The Benefits of Swimming: Why You Should Be In The Pool

 


Swimming is more than just a fun activity, as it’s also a healthy activity that people of all ages can do. Swimming can be done both recreationally and competitively due to its low impact on the body. At the same time, it’s also an aerobic activity, meaning that areas of the heart, lungs and other various muscles can be worked out and keep people fit. No matter your fitness level, anybody can take part in this activity. But the health benefits go beyond just being fit. For many people who suffer from chronic health conditions, taking part in water aerobics, hydro pool therapy, and other swimming workouts can take on its full benefits and help manage their health.

For those who want to know all about swimming, this aerobic activity can provide both physical and mental health benefits. But why does swimming appear to provide more than other activities like jogging or biking? We’re here to look into all the ins and outs of swimming and help you find ways back into the pool even beyond the summer months.

What Makes Swimming So Great?

Swimming, simply enough, is a person’s ability to move through the water by moving their arms and legs. While the activity appears simple, it’s actually a highly cardio-intensive activity due to the pressure moving through the water placed on the arms and legs. However, what makes swimming a unique cardio sport compared to other sports such as running is how swimming works out the cardiovascular system and muscles. Studies that look into the differences between swimming and running have found that while runners are able to travel three times the distance than swimmers, swimmers face more calorie expenditure due to water pressure, and thus is often described as a full-body workout.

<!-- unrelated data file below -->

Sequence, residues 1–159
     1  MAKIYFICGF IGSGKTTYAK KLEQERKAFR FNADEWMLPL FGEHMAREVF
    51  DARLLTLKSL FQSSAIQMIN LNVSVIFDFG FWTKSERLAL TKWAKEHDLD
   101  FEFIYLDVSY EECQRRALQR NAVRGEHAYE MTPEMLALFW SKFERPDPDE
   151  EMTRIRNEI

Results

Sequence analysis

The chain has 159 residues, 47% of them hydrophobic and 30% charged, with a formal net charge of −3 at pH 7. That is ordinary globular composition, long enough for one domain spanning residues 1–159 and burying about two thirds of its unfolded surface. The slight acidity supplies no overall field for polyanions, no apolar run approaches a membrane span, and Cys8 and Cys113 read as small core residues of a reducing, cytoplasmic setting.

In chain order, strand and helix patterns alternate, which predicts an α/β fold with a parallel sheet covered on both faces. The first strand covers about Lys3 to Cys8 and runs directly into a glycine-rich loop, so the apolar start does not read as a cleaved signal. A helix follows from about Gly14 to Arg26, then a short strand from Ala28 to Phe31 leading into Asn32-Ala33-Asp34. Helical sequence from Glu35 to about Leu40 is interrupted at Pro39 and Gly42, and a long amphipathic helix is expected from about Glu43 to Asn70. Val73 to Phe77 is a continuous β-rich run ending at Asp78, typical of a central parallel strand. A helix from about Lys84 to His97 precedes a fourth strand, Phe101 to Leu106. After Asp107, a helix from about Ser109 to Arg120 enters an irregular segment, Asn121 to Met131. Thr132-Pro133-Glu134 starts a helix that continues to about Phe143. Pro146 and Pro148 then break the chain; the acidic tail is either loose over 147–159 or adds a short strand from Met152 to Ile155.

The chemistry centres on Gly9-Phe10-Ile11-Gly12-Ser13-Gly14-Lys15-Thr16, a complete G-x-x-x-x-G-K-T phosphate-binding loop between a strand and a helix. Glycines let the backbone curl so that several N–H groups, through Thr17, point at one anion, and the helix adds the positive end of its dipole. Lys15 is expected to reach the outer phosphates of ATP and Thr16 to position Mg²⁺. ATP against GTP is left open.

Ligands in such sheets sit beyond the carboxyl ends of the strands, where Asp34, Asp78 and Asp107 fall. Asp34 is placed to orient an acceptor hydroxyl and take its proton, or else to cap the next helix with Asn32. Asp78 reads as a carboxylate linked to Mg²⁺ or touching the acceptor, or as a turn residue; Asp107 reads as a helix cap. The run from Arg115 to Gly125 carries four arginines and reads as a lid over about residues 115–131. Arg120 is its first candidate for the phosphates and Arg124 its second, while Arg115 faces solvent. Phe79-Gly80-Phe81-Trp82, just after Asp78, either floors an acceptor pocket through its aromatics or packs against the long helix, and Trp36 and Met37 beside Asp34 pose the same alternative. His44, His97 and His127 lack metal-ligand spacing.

According to the study, the muscles from the neck down to the foot are used, and swimmers train at least 24 separate voluntary muscles to reach peak performance when swimming competitively. Because of the larger impact swimming has on the muscles in general, their entire body is used rather than the five main muscle groups that runners use while exercising. Plus, both running and swimming take up a significant amount of lung strength to help provide oxygen to the muscles, but the way they also breathe matters. Competitive swimmers often work with short, quick breathes to provide a higher intake of oxygen to their bodies, but runners often have to regulate their breathing but don’t need to perform.

 

What Muscles Does Swimming Work Out?

While in the swimming pool, the 24 total muscle groups within the body are used because our bodies aren’t specifically designed for swimming through the water more fluidly than other animals. However, swimming does work out various muscle groups depending on the type of stroke performed and the areas focused on. To help organize these muscle groups, understanding how each swimming style works can help further your understanding and give you a better idea of why swim workouts can improve your health:

Freestyle: Freestyle swimming is a front crawl, using the arms and legs to propel the body forward. As the classic swimming posture, it’s considered a good competitive and exercise stroke that focuses on speed and distance. When working out the muscle groups, it works out many core groups, including the arm muscles, neck muscles, lower waist muscles, and leg muscles. All of which include specific areas such as the hamstrings, gluteus maximus, biceps, triceps, and external obliques.

Backstroke: Instead of laying the body on the front, the person lays on their back while using the arms in a windmill motion. While similar to freestyle, this style of swimming is recommended for those with back problems. Backstroke works out the same muscle groups as freestyle but also focuses on the upper back muscles.

Butterfly Stroke: The butterfly stroke works with a proper technique to propel swimmers forward. Due to its emphasis on the arms and legs, the core abdominal, lower back muscles, and glutes also get worked out alongside other areas such as the shoulders, calves, and triceps.